Day Wave, the dreamy, indie-pop solo project of Oakland resident, Jackson Phillips, returns to SF with two upcoming shows at the Independent on September 21 and October 16.

Jackson released Day Wave’s first single last Fall and the first EP, Headcase, came out on July 17 this year. Day Wave brings a refreshingly layered approach to their surf rock sound, performing live with a backup band of friends. As a group, they’ve had a recent string of Bay Area shows including the Budweiser Made in America festival at Crissy Field back on July 29 and at the Phoenix Hotel on August 4. Building momentum, Day Wave now has nearly a dozen shows under their belt, and returns to SF for two shows at Independent in consecutive months.

We spoke to Jackson about growing up in the Bay Area, changes he’s seen to the local music scene and what to expect from Day Wave in the future.

When did you start creating original music?

I grew up in the Bay Area. I was always in bands in high school and middle school. I was a drummer back then. I went to music school for drums and then it wasn’t until one or two years into college that I started making my own songs and kind of veering away from the drums. I was actually in Boston [at Berklee College of Music] when I started making my own songs.

What the meaning behind the name, Day Wave?

I was trying to find a name that was not taken first of all and also not taken by something else like a production company or a store or some other thing. I had made that mistake in the past with Carousel with my previous band. You can imagine, there’s a lot of things name Carousel.

At the time, I was listening to the Beach Boys and their vibe was directing where I was going for the band name. I wanted a name that fit with the vibe of the music. After writing down a million different band names, [Day Wave] just seemed like it fit, so I stuck with it. The short answer is that there’s not really a huge meaning behind it.

Do you write music in collaboration with your backup band or alone?

I’m doing it all alone. My backup band are all friends of mine. One is a friend from college and the other few are friends that I grew up with. We have band rehearsal and I go through all the layers in my recordings and divvy them up – you play this one, you play that one – and sometimes there’s more layers in the song that all of us can play so we have to pick the important ones or the ones that sound better in the live context. We try not to use any backing tracks. I’ve done that in the past, but whenever I see bands with backing tracks, it feels phony. I wanted to keep this more raw.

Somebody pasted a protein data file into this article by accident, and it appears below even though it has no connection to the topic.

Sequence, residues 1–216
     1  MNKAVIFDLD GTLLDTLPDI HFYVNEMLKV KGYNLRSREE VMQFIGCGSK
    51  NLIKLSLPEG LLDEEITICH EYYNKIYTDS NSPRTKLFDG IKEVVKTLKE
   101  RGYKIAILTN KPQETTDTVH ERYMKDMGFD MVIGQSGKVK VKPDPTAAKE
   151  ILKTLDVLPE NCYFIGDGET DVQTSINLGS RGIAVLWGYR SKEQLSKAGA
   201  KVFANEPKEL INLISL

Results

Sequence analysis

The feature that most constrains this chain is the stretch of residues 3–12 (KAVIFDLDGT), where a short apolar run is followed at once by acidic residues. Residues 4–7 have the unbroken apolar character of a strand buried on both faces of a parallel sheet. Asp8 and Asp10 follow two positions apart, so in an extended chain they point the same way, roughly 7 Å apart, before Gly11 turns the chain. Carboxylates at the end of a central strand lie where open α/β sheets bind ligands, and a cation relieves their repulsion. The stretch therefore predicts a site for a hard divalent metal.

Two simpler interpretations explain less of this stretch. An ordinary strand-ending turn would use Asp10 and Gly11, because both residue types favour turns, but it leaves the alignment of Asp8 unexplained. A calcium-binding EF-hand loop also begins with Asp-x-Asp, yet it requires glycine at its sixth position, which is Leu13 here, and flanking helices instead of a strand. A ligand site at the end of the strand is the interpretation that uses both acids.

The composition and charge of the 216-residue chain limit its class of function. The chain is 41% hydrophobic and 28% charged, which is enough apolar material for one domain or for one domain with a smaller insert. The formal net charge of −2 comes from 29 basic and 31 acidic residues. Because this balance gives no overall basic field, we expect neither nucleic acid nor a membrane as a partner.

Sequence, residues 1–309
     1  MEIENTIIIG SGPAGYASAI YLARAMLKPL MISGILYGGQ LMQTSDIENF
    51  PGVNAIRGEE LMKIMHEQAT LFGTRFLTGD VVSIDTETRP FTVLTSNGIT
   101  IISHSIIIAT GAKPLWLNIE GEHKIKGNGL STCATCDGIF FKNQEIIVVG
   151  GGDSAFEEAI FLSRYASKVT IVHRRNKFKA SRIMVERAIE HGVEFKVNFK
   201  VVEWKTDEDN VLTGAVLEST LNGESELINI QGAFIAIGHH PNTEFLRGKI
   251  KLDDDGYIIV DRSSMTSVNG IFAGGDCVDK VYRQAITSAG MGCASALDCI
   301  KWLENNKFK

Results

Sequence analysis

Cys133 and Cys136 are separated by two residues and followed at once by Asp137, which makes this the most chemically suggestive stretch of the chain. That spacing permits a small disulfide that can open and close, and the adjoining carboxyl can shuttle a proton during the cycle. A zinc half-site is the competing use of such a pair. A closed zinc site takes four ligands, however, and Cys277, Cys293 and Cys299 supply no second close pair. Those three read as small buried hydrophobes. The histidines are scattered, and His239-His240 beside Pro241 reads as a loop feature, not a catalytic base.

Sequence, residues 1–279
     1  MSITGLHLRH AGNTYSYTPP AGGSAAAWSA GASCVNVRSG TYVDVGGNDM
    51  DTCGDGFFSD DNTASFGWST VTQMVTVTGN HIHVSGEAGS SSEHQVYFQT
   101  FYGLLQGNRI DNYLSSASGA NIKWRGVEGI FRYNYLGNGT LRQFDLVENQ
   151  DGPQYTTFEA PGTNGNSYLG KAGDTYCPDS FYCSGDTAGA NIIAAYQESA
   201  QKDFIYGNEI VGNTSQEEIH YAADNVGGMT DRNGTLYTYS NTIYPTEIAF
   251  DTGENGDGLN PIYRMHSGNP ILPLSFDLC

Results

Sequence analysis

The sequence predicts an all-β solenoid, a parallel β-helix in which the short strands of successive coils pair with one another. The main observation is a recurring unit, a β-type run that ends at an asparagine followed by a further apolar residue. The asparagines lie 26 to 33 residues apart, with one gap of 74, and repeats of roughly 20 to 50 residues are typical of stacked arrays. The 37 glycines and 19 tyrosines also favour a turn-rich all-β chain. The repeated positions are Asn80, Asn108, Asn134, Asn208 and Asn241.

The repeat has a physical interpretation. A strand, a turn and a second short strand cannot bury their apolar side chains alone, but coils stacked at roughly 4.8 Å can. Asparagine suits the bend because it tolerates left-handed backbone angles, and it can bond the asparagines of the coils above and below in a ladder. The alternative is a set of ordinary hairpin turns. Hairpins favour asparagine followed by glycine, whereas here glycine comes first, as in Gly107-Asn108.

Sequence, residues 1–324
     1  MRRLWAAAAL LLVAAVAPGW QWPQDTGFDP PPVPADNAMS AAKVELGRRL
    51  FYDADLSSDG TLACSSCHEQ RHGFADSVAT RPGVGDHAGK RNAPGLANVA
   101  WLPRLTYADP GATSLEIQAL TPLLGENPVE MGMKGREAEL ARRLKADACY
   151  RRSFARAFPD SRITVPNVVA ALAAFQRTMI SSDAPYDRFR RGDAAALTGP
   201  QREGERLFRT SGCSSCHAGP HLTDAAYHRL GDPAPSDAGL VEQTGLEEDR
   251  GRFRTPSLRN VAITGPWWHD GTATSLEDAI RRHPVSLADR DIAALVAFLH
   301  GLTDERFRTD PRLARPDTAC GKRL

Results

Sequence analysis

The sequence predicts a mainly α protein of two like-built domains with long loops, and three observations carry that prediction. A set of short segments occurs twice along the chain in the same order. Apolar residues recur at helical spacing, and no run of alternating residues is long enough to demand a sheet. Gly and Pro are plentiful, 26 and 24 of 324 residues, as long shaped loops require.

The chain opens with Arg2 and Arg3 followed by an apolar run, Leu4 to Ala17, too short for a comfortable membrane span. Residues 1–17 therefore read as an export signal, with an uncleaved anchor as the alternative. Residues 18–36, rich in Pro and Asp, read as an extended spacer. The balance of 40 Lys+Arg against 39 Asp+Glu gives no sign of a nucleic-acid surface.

Do you see your sound aligning more with the pop or rock genre?

I don’t know. I think it’s good to have a healthy balance. I don’t know if I lean either way. I kind of find somewhere in the middle I think.

Which guitarists do you admire the most?

I definitely have learned from a lot because I only picked up guitar recently. After drums, I picked up piano and synthesizers. Only recently I got into guitar. I listen to bands like My Bloody Valentine, Sonic Youth, New Order and stuff like that to gain ideas for guitar.

Do you come to SF often to hangout or do you spend most of your time in the East Bay?

Yeah, I come to the city sometimes. I spend most of my time in the East Bay, but I grew up coming to the city a lot. I used to skate a lot. I used to skate all the spots in the city. I still love going there. But it’s a little different now than it used to be.

What changes have you seen to Easy Bay music scene?

I actually grew up in Marin, so I’m not from the Easy Bay. I grew up in Mill Valley. I never really came to the East Bay as a kid, so it’s sort of new for me now. There’s definitely, from what I can tell, more of a creative scene happening in the East Bay compared to San Francisco. It doesn’t seem like it’s as creative over there as it is over here. Maybe I’m wrong, I don’t know.

There’s tons of bands. I’ve seen a lot of bands play in warehouses and galleries over here. It seems sort of similar to Brooklyn in that way. I don’t know how much of that is going on in San Francisco. Kind of like DIY shows and things like that. There’s a good amount of that happening over here.

What has been your favorite show you’ve played so far this year?

My favorite show was probably when we played in New York. It was our first headline show and we sold it out. So that was pretty exciting. The vibe was good.

What was your highlight from playing Budweiser’s Made In America festival at Crissy Field in SF?

That was cool because I was able to invite a lot of friends that I grew up with and put them on the list. They had a great time because they all love E-40. That was pretty fun because I could hang out with my friends from home. It was a cool concert.

Will there be much of a difference between your recent show at Phoenix Hotel and your upcoming gig at the Independent?

Well that show was only like our fourth show or so. So we were still very fresh and as of now we’ve only played eight shows. By the time we get to the Independent with Blonde Redhead, we will have played closer to 10-15 shows. We’ll be more seasoned, seasoned as you can get with so few shows. I think we’ll be just a little more comfortable performing the music. It’s just a little more practice.

Got anything else exciting in the pipeline?

I know we’ll be playing this month, but we’ll also be coming back to the Independent in October with Albert Hammond Jr. It’s really cool. I’m excited at some point to actually headline a show somewhere around here. That will be fun. Eventually we’ll get there.